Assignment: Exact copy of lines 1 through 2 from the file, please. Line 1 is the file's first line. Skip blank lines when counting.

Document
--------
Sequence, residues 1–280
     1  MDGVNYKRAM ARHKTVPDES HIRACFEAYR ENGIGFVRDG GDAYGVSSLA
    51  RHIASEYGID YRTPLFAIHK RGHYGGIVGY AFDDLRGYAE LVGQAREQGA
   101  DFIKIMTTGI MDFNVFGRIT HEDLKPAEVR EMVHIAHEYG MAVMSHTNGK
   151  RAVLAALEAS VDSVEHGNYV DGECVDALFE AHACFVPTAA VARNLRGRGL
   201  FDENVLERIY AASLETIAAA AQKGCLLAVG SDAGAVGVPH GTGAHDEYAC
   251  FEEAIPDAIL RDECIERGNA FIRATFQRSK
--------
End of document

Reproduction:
Sequence, residues 1–280
     1  MDGVNYKRAM ARHKTVPDES HIRACFEAYR ENGIGFVRDG GDAYGVSSLA